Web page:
The White House on October 18th named 19 young emerging leaders as its fellows for 2021-22, three of whom are Indian-American
In 1964, President Lyndon B. Johnson established the White House Fellows Program to “give fellows with first-hand, high-level experience with the workings of the federal government, and their sense of involvement in national affairs.” The White House Fellows Program’s mission is to promote active citizenship and service to the nation.
The Presidential Commission on White House Fellows announced the appointment of the 2021-2022 class of White House Fellows, the most diverse class in the program’s history. The prestigious White House Fellowship program enlists professionals from diverse backgrounds to work as full-time, paid fellows for one year as White House staff, cabinet secretaries, and other senior government officials.
Selection to the programme is based on a track record of professional accomplishment: Evidence of leadership skills, ability to lead, and a commitment to service. This year’s White House Fellows were chosen through a highly competitive process, and they are a remarkable group of talented, passionate, and accomplished individuals. More than half of the fellows are women, reflecting the diversity of America as a whole.
Joy Basu and Sunny Patel from California, and Aakash Shah from New Jersey are the three newest Indian-American White House fellows among the 19 emerging leaders appointed.
Joy Basu, a San Francisco resident, has been placed at the White House Gender Policy Council. She graduated from Duke University with a BA in Public Policy and Economics. Stanford University awarded her a JD and an MBA, as well as a certificate in public management and social innovation. She was co-president of the Women of Stanford Law, an Arbuckle Fellow, and a leader of the Afghanistan Legal Education Project while at Stanford.
Previously, she worked as a senior adviser to forward-thinking companies seeking authentic and impact-integrated growth. She was TPG Growth’s first chief of staff, and she was a key architect and builder of The Rise Fund, a ground-breaking impact investment platform. She was also the global sector lead for food and agriculture at The Rise Fund. Basu worked as a consultant at McKinsey & Company before joining the TPG, where she focussed on agricultural development, collaborating with businesses, governments, and donors to improve food systems in emerging markets.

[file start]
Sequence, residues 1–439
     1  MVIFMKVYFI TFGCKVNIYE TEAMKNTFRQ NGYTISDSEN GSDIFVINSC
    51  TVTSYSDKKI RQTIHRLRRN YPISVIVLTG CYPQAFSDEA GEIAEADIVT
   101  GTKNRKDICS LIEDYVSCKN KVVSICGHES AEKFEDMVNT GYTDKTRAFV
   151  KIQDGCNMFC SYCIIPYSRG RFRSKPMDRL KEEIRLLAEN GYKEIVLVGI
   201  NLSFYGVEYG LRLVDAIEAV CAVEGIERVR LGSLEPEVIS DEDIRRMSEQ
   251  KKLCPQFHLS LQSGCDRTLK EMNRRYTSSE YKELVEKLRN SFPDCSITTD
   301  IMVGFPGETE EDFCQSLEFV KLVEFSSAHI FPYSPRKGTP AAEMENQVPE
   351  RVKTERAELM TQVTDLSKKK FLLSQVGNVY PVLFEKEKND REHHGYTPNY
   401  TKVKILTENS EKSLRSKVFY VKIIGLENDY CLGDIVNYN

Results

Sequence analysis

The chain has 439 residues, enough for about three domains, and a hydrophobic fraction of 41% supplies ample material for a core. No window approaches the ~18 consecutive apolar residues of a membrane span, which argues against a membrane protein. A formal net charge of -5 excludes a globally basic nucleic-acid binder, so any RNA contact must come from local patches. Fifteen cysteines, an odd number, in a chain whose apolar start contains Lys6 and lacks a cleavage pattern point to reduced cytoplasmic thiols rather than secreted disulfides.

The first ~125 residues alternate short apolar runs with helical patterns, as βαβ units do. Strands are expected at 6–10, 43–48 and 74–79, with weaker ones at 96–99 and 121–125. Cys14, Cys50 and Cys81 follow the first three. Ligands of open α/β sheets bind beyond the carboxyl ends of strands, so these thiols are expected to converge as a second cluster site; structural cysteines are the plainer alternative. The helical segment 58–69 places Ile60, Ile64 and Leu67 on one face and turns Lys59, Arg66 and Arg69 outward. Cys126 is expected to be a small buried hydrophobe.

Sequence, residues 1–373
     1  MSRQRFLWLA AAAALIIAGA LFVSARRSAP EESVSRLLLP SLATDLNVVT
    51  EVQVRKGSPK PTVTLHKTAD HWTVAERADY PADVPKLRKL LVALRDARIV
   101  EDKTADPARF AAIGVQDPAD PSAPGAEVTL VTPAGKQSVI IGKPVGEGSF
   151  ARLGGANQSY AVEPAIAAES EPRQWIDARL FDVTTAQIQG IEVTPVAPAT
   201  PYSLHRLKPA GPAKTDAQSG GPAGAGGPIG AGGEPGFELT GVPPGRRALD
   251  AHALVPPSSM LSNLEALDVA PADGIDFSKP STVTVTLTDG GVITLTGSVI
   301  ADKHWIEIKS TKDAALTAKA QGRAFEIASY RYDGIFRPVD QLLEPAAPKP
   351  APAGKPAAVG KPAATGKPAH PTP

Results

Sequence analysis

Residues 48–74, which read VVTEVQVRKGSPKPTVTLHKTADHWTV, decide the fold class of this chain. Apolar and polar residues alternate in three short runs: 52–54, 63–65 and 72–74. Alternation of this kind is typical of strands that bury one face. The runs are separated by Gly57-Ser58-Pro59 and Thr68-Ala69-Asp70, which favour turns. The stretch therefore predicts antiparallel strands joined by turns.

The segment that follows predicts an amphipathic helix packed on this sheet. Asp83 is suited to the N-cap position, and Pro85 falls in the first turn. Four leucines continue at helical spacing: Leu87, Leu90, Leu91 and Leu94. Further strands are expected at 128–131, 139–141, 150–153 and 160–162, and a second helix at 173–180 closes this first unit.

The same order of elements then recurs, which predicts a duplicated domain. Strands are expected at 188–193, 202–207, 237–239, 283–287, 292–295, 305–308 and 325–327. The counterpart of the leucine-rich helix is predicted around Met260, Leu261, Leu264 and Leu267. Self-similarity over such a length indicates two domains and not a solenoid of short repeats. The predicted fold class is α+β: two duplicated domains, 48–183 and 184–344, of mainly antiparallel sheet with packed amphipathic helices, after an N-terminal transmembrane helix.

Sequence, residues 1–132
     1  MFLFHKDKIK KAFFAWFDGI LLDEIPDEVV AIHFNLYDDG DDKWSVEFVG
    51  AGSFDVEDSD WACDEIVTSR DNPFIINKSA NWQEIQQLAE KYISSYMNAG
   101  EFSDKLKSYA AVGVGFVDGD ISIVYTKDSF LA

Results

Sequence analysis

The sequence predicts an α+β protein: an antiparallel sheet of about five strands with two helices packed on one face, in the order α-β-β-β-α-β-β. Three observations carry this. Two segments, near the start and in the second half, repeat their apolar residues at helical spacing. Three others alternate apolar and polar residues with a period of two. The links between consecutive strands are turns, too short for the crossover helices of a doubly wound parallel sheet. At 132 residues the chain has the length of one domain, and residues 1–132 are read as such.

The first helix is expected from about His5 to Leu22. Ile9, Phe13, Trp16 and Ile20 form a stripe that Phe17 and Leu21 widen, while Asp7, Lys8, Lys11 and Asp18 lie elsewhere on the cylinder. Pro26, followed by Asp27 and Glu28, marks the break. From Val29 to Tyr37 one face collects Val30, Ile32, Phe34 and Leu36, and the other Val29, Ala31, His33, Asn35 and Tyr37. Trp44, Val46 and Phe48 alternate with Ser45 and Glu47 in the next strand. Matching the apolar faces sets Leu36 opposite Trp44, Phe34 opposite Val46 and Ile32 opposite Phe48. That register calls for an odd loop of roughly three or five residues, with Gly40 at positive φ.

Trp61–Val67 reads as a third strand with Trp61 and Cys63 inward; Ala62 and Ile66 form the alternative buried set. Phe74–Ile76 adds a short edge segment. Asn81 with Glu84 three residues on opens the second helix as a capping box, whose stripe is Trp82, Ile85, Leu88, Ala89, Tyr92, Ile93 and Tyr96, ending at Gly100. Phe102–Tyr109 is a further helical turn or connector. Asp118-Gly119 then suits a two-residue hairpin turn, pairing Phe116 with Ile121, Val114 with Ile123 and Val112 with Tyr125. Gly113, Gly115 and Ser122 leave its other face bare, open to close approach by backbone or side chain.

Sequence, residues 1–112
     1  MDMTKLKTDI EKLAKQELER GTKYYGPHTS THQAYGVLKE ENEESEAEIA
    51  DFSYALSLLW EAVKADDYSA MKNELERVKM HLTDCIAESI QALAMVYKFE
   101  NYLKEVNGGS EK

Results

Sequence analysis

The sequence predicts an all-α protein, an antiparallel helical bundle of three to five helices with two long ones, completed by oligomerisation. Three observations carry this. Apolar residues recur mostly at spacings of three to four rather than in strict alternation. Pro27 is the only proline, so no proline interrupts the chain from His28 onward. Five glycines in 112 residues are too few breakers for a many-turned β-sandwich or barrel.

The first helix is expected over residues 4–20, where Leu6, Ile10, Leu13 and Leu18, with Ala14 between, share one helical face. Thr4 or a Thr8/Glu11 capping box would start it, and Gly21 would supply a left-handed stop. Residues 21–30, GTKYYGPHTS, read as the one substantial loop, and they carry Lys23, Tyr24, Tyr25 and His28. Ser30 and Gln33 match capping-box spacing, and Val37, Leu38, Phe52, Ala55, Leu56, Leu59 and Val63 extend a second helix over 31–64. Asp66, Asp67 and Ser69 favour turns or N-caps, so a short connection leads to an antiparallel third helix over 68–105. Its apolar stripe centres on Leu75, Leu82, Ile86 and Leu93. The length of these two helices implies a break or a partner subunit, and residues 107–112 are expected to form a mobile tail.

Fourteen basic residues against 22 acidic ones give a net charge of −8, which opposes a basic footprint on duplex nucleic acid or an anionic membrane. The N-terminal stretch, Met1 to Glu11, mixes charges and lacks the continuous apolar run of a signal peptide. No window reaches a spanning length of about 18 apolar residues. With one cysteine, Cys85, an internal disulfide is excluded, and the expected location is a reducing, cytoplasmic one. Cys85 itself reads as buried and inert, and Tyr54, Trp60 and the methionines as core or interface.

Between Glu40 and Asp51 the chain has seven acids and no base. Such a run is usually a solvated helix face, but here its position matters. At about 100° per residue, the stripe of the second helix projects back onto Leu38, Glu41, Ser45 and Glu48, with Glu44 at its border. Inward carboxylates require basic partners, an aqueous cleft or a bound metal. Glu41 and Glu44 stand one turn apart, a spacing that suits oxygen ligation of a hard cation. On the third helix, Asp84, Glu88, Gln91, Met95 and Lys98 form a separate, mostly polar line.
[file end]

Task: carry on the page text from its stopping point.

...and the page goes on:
Ms Basu also served as a project manager to the World Economic Forum’s New Vision for Agriculture and has supported strategic projects for the Ethiopian Agricultural Transformation Agency and Starbucks Coffee Company. She currently serves as a trustee for the Heifer International Foundation and a term member of the Council on Foreign Relations.
Sunny Patel, a child and adolescent psychiatrist and public health physician at the Department of Homeland Security, is interested in developing equitable health systems that serve children and families. He holds a Mayo Clinic MD, a Harvard MPH, and bachelor’s and master’s degrees in biology and physiology, both with college and departmental honours, from UCLA.
He has worked as a resident tutor in medicine at Harvard College’s Adams House. Sunny completed his residency in adult psychiatry at Cambridge Health Alliance and Harvard Medical School. He recently finished his fellowship at NYU, where he developed a model for integrating mental health services in paediatric oncology clinics.
During the COVID-19 pandemic, he also launched a comprehensive mental health response for thousands of frontline workers and volunteered as a palliative care physician at Bellevue Hospital. Moreover, Mr Patel has led health interventions for vulnerable populations in the United States and around the world, including in India, Thailand, and the Dominican Republic. He has spent the last ten years working with refugee populations and has performed forensic psychological examinations for asylum seekers with NYU and Physicians for Human Rights.
Patel’s research has been published in a variety of journals and has influenced policy initiatives, including work presented at the United Nations General Assembly.
Aakash Shah has been placed at the Department of Health and Human Services. As an emergency room physician at Hackensack Meridian Health, he helped in the treatment of some of the pandemic’s earliest confirmed cases of COVID-19.
Mr Shah also serves as the Director of Addiction Medicine at Jersey Shore University Medical Center, as well as the Medical Director of Project HEAL (a hospital-based violence intervention program) and the Medical Director of New Jersey Reentry Corp. His work in those areas has resulted in several reforms, including the elimination of prior authorization requirements for opioid use disorder medications, and he received the bipartisan endorsement of five former New Jersey governors.
He previously served as the Founder and Executive Director of Be Jersey Strong, which was honoured by President Barack Obama at the White House for its impact as one of the nation’s largest and most diverse efforts to connect the uninsured to coverage. Moreover, he has also served as an adviser to several local, state and federal campaigns and policymakers.
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